Editor's note: This feature, a pictorial countdown to the kickoff of the 2013 Buckeye football season, was originally spawned in the Forums, but a fellow 11dubber suggested that it move to the blogs - so, here it is. Enjoy today's installment of the countdown.
Ten days into our extended trip down Memory Lane, we've met some of the biggest stars in the constellation that is Buckeye football. All-Americans, All-Conference honorees, and even a Heisman Trophy winner have made an appearance thus far - and there are more huge names to come, of course, as we get into the final days before kickoff. Today's trek into yesteryear has a slew of top recruits from the early days of the Ohio State football dynasty.
Five men who wore #41 have earned All-Big Ten honors; three of them were also named All-American selections. As an historical footnote, and perhaps as a call to my 11W brothers for help verifying, according to the Columbus Dispatch database of Ohio State jersey numbers, legendary Heisman Trophy winner Vic Janowicz wore #41 during the 1951 campaign, but I can't find independent verification, and obviously Janowicz is known forever as #31, so we'll see him in 10 days.
John Regis Monahan, a native of Pittsburgh, Pa., was the first Buckeye standout to earn both All-Conference and All-American honors at #41. The offensive lineman doubled as a kicker, and played for the Buckeyes from 1932-1934. As a captain his senior season, Monahan earned the distinction of being featured on a Wheaties box. He played four seasons for the Detroit Lions, and was part of the team's 1935 championship campaign. He played a final season for the Chicago Cardinals before retiring from the sport in 1939.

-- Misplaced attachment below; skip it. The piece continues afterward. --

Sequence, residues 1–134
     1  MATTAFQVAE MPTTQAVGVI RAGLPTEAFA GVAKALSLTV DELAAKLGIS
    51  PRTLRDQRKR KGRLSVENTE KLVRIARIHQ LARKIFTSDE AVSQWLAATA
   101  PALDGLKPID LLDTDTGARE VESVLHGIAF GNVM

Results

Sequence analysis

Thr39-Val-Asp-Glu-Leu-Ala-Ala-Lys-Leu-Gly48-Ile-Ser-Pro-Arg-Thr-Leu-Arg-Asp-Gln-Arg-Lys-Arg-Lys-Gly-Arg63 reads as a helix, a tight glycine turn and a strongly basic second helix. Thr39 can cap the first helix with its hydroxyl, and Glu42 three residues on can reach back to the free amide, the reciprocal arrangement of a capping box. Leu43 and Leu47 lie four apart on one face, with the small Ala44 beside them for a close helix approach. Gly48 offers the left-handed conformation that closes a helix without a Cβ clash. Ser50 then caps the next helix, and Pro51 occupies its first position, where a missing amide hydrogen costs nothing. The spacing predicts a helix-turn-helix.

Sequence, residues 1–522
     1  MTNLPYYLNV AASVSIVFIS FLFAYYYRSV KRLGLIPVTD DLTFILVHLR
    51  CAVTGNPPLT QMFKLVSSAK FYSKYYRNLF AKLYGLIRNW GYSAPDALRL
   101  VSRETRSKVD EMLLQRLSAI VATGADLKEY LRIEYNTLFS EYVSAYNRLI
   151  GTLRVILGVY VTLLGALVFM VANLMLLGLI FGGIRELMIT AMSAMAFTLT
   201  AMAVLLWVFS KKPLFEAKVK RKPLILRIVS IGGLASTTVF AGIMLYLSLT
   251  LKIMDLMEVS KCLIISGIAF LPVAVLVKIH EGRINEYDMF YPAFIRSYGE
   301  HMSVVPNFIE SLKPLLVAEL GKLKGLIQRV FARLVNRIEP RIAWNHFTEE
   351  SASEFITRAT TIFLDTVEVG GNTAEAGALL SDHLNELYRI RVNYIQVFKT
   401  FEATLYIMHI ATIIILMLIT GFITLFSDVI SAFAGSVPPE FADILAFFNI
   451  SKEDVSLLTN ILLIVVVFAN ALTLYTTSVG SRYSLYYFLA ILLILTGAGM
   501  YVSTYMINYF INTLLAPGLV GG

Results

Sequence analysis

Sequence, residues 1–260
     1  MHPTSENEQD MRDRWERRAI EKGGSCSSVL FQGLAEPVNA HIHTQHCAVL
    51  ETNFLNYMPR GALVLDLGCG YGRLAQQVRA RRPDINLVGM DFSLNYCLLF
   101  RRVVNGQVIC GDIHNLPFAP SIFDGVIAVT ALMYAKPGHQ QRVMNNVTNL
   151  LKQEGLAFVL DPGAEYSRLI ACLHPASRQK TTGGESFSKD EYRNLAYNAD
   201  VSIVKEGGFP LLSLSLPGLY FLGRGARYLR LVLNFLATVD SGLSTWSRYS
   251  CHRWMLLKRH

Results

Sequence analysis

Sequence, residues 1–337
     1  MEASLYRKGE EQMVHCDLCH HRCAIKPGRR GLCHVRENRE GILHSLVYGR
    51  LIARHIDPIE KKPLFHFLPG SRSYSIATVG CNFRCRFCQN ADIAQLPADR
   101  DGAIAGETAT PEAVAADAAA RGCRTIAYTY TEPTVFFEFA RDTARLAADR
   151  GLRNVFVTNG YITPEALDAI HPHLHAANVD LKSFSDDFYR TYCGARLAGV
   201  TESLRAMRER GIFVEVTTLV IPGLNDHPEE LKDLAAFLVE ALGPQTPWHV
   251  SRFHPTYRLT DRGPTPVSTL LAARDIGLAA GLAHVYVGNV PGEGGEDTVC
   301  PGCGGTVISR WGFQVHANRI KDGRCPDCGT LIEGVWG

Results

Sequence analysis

A generation later, another Pittsburgh product would don the jersey and become an integral part of the Buckeye backfield. Thomas Roland Matte played for Woody Hayes from 1958-1960, just missing a championship campaign on both ends of his time in Columbus. Originally tasked as a running back, Matte was quarterback for the latter two seasons of his tenure after starting QB Jerry Fields went down with an arm injury during the first half of the 159 season opener against Duke. According to Ohio State historian Jack Park, Hayes decided at halftime to give Matte a shot, and he held down the job for the rest of his time in Columbus.
During his years in the scarlet & gray the team compiled a record of 16-7-3 (the 1959 season was a black eye in the middle of an otherwise stellar stretch of Buckeye football). As a rusher, he compiled 868 career yards over 258 attempts with 3 touchdowns to his credit. As a passer, he completed 78 of 146 attempts, producing 1,176 yards and 12 touchdowns with only 6 career interceptions. His 8 passing touchdowns in 1960 was good enough for best in the Big Ten.
Taken in the first round of the 1961 NFL Draft by the Baltimore Colts, Matte played 12 seasons in the league, but again serving as a running back beside legendary quarterback Johnny Unitas. During his career, Matte accumulated 4,646 rushing yards, 249 receptions for 2,869 yards, 1,367 yards returning kickoffs, and 57 touchdowns (45 rushing, 12 receiving).